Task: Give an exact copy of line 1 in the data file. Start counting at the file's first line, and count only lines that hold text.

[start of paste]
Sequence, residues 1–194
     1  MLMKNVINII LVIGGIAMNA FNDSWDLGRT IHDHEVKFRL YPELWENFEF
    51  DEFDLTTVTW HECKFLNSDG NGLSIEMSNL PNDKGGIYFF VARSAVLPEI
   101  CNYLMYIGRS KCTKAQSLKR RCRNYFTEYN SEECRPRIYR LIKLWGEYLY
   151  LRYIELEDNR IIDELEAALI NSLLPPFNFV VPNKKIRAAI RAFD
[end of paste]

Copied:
Sequence, residues 1–194